Excerpt from "The Metaphysics of the Novel, The Inner Workings of a Novel and a Novelist" by Don Pendleton.
It will be those chapter endings that will inspire the reader to turn the page. How many times have you heard, "I couldn't put the book down. Before I knew it was three o'clock in the morning!" So always give some extra thought to where you leave the reader at the chapter end. Implant in the reader's mind the need to turn the page. Leave them with suspense or a dramatic moment, or with wonder, and with a caring about what happens on that next page.
An example of that type of chapter ending is taken from my Joe Copp novel, Copp in Shock. Copp had suffered a bout of partial amnesia and was at war with his own mind, and with those who would eliminate him.
Something dark and scary was whispering at me. Something almost already known or at least suspected, and maybe too terrible to contemplate. If so, could I handle the truth, or had it been blotted from my mind as a merciful amnesia to shelter a knowledge too terrible to face? What kind of guilt, what fearful truth could I be hiding from even my own mind?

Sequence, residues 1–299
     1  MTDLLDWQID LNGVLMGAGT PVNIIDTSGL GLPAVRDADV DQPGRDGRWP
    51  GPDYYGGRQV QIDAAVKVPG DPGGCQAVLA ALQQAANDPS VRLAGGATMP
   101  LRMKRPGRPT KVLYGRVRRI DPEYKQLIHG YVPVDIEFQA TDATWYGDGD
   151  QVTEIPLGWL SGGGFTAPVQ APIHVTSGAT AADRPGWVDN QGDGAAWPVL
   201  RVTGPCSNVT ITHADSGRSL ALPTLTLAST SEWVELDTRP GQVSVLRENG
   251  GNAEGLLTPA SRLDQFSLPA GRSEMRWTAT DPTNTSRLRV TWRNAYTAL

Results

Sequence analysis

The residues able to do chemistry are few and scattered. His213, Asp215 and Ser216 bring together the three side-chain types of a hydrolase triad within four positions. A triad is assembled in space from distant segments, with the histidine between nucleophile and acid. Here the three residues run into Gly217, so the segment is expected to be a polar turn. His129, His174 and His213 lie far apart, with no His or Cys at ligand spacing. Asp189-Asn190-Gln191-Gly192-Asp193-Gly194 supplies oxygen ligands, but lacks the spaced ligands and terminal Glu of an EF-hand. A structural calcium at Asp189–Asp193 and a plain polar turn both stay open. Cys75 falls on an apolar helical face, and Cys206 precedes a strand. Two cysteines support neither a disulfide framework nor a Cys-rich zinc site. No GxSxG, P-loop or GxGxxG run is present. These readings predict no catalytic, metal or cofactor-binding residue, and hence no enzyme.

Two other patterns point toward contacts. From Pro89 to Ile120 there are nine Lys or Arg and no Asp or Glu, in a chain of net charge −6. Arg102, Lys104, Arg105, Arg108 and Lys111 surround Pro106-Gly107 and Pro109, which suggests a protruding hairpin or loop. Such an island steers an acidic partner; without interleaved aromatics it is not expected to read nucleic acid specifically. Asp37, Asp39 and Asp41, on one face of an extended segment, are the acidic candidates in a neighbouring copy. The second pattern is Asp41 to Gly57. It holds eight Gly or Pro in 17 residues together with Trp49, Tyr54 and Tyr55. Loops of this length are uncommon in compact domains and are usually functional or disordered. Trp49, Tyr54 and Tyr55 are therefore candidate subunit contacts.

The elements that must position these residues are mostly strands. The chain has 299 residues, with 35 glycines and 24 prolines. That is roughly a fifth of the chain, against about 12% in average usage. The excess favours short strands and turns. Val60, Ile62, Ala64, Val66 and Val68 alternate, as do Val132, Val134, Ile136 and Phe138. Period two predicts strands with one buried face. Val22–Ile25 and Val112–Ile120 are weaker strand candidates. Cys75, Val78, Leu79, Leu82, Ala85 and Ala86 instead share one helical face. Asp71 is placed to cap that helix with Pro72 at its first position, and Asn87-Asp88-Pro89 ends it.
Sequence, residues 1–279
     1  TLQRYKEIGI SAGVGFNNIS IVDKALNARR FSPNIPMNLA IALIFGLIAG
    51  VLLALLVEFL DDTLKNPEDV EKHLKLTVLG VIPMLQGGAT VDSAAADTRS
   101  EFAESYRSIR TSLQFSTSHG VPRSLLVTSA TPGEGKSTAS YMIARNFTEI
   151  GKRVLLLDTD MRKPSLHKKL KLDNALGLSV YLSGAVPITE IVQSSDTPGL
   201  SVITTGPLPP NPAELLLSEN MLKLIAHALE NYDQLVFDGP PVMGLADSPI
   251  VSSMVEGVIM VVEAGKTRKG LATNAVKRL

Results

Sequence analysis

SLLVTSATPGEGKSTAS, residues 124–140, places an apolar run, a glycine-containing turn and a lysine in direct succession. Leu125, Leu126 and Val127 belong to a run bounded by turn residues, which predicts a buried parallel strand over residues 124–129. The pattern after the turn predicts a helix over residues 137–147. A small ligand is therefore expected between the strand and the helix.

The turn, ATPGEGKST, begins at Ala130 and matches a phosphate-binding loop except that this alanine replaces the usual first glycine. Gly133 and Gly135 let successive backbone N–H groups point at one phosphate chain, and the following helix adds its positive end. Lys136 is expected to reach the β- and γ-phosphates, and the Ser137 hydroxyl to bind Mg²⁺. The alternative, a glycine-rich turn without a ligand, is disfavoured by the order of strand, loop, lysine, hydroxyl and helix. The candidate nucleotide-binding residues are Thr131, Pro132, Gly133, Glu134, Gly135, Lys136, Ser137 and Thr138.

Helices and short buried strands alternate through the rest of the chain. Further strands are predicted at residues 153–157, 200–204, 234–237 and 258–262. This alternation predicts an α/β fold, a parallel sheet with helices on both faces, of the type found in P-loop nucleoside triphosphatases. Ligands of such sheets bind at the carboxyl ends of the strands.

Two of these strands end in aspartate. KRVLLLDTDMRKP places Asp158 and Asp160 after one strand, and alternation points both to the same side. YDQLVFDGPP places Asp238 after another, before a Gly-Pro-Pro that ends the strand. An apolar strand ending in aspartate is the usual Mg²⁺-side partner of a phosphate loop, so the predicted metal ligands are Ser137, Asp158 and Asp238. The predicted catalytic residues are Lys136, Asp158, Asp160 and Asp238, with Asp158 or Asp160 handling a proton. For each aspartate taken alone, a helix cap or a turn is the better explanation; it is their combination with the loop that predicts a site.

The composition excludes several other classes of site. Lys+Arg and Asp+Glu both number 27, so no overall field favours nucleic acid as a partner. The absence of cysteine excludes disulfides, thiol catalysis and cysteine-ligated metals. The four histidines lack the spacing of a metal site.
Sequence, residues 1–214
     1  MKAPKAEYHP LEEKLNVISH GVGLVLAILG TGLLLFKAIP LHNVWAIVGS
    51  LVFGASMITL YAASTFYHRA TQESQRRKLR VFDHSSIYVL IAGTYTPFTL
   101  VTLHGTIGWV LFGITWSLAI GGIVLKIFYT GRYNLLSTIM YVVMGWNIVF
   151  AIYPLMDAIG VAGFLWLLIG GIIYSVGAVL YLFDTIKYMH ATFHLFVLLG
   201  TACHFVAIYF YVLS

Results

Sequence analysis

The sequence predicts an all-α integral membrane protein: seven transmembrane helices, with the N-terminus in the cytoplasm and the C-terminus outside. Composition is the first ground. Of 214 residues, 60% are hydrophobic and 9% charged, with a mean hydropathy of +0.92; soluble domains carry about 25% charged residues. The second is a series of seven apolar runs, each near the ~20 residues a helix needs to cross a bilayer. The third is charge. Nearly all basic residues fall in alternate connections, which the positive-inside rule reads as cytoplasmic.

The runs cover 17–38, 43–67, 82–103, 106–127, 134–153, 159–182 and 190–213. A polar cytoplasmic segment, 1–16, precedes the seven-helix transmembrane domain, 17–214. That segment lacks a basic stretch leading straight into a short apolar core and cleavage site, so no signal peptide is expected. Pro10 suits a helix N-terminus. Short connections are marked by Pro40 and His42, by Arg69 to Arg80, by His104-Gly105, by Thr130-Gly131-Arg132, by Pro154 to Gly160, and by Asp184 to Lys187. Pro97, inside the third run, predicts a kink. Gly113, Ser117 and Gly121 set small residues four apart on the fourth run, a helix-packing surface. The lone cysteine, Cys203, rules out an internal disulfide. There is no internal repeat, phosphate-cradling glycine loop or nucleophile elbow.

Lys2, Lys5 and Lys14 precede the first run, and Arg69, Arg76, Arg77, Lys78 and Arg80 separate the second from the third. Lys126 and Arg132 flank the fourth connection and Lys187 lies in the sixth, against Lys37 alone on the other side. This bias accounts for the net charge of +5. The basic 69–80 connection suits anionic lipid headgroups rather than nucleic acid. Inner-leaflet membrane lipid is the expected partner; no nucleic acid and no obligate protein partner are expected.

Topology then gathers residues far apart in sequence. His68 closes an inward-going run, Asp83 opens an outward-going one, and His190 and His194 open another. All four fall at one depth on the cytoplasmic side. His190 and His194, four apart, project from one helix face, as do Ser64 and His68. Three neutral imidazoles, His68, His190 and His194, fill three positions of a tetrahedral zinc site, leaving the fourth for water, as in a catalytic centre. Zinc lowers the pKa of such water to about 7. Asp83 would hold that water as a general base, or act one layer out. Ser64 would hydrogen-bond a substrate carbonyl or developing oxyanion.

Had I crossed the threshold into every good cop's worst nightmare?
And what have I been trying to hide, even from myself?
My God, what could I be guilty of here on this dark side of paradise?
In Jersey Guns, the seventeenth book of the Executioner Series, I ended Chapter Fifteen with:
The Beretta was in Bolan's right hand and the silencer was threading itself aboard when he hit that door at full stride.
Everything Mack Bolan had ever been and ever wanted to be was concentrated on that terrible point in Jersey, that awful moment at the end of the turkey chase–at the very doorway to hell.
Hopefully, with both of these chapter endings, the reader was enticed to turn the page–in Joe Copp's case, to discover what "nightmare" was nagging at his consciousness, and in Bolan's case, to discover what hell awaited him. But, of course, every chapter you write will not allow for such dramatic endings but try to give your readers a reason to turn the page to the following chapter.